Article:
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Marbury v. Madison (1803) was an important case because it established the principle of judicial review—that is, the right of the Supreme Court to rule whether laws passed by Congress are constitutional. This case involved a man named William Marbury, who had been appointed to a position as justice of the peace by President John Adams just as Adams was leaving office. Marbury was among the so-called "midnight appointees" who were given offices right before Adams left office. When he assumed office, President Jefferson refused to honor Marbury's commission, and Marbury sued the Secretary of State, James Madison, in response. Marbury wanted the Supreme Court to order Jefferson to give him his office.

In his decision in this case, Supreme Court Justice John Marshall ruled that Marbury was entitled to his commission. He also ruled that the Supreme Court did not have the right to give Marbury this commission, as this right did not fall under their constitutional powers. Although this decision seemed at first to detract from the power of the Supreme Court, it actually enhanced the court's powers because they had the right to review the constitutionality of laws passed by Congress.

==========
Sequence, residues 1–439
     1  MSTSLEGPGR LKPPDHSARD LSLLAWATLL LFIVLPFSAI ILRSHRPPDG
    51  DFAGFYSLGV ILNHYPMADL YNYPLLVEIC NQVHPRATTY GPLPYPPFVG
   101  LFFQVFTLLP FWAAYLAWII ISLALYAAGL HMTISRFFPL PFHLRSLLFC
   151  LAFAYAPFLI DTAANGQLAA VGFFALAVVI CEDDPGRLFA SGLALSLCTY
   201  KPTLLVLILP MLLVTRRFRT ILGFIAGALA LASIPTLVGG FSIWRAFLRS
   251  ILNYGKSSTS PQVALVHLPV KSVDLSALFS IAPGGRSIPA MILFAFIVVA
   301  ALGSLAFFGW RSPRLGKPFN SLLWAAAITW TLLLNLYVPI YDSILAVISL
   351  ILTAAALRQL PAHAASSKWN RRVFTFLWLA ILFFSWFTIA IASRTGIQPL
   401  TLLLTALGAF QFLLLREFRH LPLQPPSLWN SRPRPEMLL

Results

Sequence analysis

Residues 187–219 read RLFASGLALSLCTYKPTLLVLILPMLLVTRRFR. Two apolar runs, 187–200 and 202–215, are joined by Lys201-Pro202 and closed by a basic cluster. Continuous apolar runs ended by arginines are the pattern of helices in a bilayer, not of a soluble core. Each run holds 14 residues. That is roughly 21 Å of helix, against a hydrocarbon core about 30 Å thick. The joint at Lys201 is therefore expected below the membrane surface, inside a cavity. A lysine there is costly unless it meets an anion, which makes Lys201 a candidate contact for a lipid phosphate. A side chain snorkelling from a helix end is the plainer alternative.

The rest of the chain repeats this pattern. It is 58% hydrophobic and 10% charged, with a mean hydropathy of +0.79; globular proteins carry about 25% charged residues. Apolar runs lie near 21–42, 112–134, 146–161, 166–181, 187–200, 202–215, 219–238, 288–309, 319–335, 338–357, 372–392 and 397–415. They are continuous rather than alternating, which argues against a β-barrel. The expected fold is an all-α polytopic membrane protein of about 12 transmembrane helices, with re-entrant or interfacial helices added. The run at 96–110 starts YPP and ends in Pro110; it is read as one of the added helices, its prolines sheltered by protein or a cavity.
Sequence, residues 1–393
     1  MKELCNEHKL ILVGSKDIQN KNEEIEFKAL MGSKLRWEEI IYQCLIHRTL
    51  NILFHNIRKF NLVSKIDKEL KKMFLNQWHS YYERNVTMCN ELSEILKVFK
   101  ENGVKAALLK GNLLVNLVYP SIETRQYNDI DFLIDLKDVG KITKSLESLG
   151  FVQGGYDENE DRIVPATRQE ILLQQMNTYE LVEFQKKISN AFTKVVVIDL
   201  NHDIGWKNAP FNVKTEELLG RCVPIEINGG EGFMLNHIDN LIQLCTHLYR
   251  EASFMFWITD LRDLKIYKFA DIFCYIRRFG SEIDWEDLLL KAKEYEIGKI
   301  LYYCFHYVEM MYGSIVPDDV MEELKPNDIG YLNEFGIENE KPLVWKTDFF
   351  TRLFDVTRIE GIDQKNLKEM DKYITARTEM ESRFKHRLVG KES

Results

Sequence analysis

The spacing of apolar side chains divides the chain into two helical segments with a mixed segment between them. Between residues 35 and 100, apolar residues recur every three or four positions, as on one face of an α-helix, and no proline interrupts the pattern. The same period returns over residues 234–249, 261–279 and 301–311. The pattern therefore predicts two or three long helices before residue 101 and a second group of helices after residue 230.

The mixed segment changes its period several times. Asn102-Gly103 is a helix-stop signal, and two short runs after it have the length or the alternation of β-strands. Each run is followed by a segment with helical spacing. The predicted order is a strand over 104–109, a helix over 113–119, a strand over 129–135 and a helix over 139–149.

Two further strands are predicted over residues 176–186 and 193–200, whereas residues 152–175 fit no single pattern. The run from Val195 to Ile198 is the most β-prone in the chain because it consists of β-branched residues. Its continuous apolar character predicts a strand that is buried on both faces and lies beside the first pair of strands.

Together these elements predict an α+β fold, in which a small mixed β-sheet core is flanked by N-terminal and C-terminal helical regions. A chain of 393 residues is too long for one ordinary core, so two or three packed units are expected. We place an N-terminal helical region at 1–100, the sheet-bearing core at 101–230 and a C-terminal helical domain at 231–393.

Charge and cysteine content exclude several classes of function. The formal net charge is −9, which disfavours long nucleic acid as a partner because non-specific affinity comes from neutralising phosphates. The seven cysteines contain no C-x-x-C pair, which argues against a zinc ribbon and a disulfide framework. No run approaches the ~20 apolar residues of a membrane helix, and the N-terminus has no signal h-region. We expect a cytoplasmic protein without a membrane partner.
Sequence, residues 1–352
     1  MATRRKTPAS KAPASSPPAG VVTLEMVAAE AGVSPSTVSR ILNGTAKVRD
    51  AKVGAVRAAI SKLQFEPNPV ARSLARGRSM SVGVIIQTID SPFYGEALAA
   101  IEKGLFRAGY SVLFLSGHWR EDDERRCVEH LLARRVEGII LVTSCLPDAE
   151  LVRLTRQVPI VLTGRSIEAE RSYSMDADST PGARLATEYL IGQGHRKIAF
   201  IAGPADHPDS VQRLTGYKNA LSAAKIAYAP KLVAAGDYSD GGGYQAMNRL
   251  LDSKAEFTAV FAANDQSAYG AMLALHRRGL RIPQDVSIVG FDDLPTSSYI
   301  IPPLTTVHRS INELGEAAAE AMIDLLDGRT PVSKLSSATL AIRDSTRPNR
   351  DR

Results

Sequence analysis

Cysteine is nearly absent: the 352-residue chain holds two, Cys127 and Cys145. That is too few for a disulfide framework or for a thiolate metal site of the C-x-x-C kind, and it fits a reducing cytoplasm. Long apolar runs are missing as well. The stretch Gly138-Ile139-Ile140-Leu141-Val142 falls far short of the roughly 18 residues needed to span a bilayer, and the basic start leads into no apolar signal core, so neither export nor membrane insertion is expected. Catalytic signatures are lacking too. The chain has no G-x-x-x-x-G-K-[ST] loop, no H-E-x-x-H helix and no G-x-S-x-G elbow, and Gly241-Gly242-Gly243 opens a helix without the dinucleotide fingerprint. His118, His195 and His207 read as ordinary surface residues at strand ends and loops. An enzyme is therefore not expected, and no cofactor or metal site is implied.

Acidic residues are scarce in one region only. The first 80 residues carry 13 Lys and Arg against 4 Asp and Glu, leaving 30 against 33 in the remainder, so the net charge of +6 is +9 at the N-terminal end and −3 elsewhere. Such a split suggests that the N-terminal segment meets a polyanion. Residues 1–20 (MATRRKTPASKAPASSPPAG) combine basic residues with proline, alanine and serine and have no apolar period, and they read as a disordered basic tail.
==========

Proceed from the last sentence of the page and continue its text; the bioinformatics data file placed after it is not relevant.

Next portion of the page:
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Marbury v. Madison was significant because with its decision in the case, the Supreme Court established the principle of judicial review. The case stemmed from newly-elected President Thomas Jefferson's refusal to allow his Secretary of State James Madison to deliver commissions for a number of lower-level judicial appointments made by outgoing President John Adams. One of the appointees, William Marbury, challenged Jefferson, claiming that the Judiciary Act empowered (required, even) the Supreme Court to issue a legal writ called a mandamus that would force the President and his Secretary to deliver up the commissions. The Supreme Court, headed by Jefferson's political adversary John Marshall, ruled that this part of the Judiciary Act was in fact unconstitutional. The case was very complex, and not in and of itself all that consequential, but the precedent established by Marshall--that the Court might rule a law passed by Congress unconstitutional--was a very significant one. Though the Court would not exercise judicial review for several decades, the principle of judicial review would over time become a pillar of the system of checks and balances in the U.S. Constitution. It was also one of several landmark decisions issued by the Court under Marshall, whose vision of a robust federal government would prove very influential.